Put an end to fires on the moors!

With spring on the way, three local councils in the UK are reminding people that activities posing a fire risk are banned on local moorland. Lighting barbecues, building or lighting campfires, setting off fireworks, or releasing paper sky lanterns were all prohibited by Bolton, Blackburn with Darwen, and Chorley councils last year due to the high risk of causing wildfires.

These councils are collaborating with Lancashire and Greater Manchester Police and Fire Services to use legal powers to safeguard the environment and moorland. Each council has implemented a Public Spaces Protection Order (PSPO) covering a large area of moorland, including Winter Hill.

Violating the PSPO is a criminal offense and could lead to a fine of up to £1,000. The ban applies to public open spaces, meaning any land within the restricted area where there is public access or a right of way.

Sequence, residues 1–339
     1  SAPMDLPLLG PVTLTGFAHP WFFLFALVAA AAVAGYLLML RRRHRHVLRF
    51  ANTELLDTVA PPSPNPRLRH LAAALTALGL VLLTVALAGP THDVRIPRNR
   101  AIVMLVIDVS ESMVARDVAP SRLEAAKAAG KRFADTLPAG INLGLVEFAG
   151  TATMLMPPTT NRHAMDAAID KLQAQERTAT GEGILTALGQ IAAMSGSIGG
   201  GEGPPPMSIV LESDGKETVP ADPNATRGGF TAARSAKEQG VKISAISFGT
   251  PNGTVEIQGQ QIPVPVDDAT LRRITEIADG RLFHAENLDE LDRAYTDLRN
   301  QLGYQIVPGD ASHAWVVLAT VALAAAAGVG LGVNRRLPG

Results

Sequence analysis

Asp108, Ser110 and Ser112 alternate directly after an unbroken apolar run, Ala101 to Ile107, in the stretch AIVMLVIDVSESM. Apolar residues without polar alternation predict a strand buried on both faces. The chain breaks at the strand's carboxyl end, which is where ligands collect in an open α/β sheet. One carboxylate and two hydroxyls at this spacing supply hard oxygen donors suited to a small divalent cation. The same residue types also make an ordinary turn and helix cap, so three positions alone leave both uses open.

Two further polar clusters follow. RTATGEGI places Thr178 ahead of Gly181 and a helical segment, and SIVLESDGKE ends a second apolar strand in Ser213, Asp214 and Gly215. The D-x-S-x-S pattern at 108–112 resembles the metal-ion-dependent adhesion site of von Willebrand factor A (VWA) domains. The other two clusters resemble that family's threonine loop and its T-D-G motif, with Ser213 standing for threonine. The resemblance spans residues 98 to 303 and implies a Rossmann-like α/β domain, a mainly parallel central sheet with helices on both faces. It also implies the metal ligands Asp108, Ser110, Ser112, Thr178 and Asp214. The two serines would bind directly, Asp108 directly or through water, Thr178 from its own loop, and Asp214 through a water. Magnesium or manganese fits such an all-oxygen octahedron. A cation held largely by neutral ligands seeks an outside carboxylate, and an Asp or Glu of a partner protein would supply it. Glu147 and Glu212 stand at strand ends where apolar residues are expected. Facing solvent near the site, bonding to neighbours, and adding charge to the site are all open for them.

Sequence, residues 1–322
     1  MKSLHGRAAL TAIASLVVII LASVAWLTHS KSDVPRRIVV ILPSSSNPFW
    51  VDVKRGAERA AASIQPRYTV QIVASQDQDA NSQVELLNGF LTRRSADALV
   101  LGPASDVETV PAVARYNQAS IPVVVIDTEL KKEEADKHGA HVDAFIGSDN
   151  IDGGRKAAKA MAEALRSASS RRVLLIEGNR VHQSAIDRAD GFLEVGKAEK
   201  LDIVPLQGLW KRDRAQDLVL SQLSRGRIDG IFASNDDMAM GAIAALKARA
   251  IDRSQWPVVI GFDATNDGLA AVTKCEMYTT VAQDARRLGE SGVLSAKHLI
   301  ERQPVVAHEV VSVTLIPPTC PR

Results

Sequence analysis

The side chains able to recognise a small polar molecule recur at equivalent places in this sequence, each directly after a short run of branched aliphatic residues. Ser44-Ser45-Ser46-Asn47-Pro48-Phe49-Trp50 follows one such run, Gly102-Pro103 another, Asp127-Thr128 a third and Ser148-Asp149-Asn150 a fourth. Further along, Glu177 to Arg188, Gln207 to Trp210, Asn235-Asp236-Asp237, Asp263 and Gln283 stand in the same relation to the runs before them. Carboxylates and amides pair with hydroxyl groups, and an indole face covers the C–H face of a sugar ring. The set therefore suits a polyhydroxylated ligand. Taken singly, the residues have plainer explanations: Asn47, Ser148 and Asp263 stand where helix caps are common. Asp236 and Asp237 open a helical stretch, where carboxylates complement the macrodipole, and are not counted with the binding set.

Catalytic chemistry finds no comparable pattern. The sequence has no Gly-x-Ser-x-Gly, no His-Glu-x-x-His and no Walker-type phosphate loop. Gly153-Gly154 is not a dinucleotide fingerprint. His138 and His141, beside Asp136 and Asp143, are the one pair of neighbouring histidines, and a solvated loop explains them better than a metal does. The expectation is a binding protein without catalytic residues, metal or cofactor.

Moorland fires are challenging to control, as seen during the Winter Hill fires in 2018 when over 100 firefighters and 20 fire engines battled the blaze. Representatives from the councils, police, and fire service recently gathered to raise awareness of the new order and urge people to stay safe in the area.

The PSPO will be in effect for three years, with exemptions available for community events requiring fires if they meet certain criteria. Councillors from the councils emphasised the importance of protecting the moorlands from devastating fires and highlighted the public support for these measures.

They stressed the need for a collaborative approach to reduce the risk of wildfires and ensure the safety of residents, communities, businesses, and wildlife. Lancashire Fire and Rescue Service expressed their support for the PSPO and their commitment to working with partners to protect the outdoors.

Greater Manchester Police also backed the PSPO, highlighting the destructive impact of moorland fires on habitats, wildlife, and communities. They vowed to monitor the areas around Winter Hill and Bolton to ensure responsible behaviour and deter any breaches of the order.

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